Apparently, the problem was Varadkar’s ‘other people’ en masse—the ones who . . . er . . . um . . . can’t be named, the unspeakable people who live in places like Ballymun flats.
The Irish solution to that particular Irish problem was to hide small numbers of public housing units inside much bigger developments of privately purchased housing, where they’ll hardly be noticed. Importantly, however, the developers who were to deliver that ‘integrated’ housing are allowed to weasel out of their obligations to build public housing units by promising a public swimming pool, for instance, that never comes.
And if they do honour their contract and deliver a few units of public housing, it turns out that ‘the people who pay for everything’ aren’t best pleased that the unspeakable people have invaded their neighbourhood. In the Marianella complex in Rathgar, for instance, public tenants are not allowed to use the meeting rooms, roof terrace, or gym (even if they offer to pay). They aren’t allowed to have pets, even though ‘private’ residents can and do. And they aren’t allowed to attend residents’ meetings.
But the dance partners in the Dáil are apparently OK about that because they’ve done nothing to end blatant discrimination on the basis of class. Astonishingly, it isn’t illegal in Ireland to discriminate against people on the basis of class. Children and Equality Minister, Roderic O’Gorman, told the Green Party National Convention at the beginning of October 2020 that his Department is to begin a public consultation on inserting ‘socio-economic discrimination’ as a new ground under the Equal Status Act. Why have we waited this long?
That is not republican democracy—there are no second-class citizens in a democratic republic.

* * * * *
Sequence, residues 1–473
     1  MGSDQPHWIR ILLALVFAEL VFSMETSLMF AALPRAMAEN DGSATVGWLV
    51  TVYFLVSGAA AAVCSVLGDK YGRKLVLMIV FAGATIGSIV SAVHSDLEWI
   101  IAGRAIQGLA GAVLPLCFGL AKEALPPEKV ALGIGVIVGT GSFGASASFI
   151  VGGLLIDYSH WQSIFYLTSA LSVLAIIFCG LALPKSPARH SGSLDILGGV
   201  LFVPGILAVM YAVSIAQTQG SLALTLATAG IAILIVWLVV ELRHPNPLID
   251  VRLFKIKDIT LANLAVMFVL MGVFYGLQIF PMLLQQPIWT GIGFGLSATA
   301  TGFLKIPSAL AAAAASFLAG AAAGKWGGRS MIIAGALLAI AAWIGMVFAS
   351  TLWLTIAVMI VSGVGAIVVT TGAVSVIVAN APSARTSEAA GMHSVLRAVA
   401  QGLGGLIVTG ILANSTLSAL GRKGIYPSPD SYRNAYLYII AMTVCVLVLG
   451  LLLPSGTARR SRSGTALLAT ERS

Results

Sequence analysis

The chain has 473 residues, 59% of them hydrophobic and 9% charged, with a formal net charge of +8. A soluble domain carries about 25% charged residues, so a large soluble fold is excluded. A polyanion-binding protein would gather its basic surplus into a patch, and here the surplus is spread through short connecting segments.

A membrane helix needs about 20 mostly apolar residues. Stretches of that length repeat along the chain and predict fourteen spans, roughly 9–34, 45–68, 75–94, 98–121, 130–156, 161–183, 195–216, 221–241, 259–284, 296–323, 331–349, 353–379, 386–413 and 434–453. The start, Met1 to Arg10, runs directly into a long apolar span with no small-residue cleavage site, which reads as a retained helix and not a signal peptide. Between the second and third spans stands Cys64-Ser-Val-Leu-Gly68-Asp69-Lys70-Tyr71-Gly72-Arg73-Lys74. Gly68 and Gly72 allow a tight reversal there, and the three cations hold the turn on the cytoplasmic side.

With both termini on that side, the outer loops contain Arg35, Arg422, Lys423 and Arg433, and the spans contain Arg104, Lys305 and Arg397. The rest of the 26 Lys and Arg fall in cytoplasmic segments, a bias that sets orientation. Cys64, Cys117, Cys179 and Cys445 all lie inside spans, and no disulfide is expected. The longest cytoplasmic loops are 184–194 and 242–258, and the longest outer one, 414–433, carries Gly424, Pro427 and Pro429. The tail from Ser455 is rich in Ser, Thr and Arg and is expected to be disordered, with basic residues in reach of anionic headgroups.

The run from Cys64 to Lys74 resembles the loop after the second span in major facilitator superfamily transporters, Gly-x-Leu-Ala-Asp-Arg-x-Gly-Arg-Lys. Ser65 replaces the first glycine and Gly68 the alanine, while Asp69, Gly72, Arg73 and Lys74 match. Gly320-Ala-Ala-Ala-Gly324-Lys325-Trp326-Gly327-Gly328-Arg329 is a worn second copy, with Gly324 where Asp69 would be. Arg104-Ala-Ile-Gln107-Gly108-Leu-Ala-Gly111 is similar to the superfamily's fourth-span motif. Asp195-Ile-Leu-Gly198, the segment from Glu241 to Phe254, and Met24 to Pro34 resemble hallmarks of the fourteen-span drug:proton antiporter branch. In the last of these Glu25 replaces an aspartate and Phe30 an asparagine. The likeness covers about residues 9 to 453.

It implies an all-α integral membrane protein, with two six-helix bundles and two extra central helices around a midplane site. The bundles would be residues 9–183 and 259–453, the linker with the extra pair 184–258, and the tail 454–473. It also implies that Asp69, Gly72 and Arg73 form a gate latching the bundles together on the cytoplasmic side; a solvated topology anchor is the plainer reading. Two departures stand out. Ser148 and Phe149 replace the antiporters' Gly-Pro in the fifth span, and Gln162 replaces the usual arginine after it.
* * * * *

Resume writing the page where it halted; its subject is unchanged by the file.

So, if we’re not going to build the so-called ‘ghettos of the future’, full of the unspeakable people, and if the people who allegedly ‘pay for everything’ don’t want to live next door to the unspeakable people, and if the Government continues to refuse to accept responsibility for anything because the market is going to solve the problem, and if the developers can weasel out of their obligations to house some unspeakable people—where do the unspeakable people go? They go onto endless housing lists, into the ravenous maw of the private rental market and, for the most vulnerable, into homelessness.
That’s an awfully long way from an Ireland in which ‘the first duty of the Government [is to] make provision for the physical, mental and spiritual well-being of the children’ and the adults they will become.
[i] Running to Stand Still, by U2: Sweet the sin / Bitter the taste in my mouth / I see seven towers / But I only see one way out.
Equal access to a home
The only possible conclusion is that the current housing policy is designed to make sure that landlords, developers, and investment funds will get rich on our tax money. And then, we’re told that the laws of supply-and-demand in a free marketplace will house everyone at every level. To paraphrase Trump, ‘one day the homeless will just disappear, like a miracle.’
The pandemic has drawn a sharp divide between those who could lose their houses or their jobs or their lives because of the pandemic, and those who are calculating how to foreclose on mortgages that will become ‘distressed’, who will use job losses to depress wages, or who talk out loud about the premium represented by the death rate among older citizens making houses available and reducing the cost of pensions.
A very Irish coup
Albert Einstein said that we can’t solve problems with the same thinking we used to create them. Swinging endlessly between two parties from a socially conservative, right centrist, and redundant tradition of party politics in Ireland got us as far as the mess we’re in. But take Einstein’s word for it, it’s not going to get us out of it.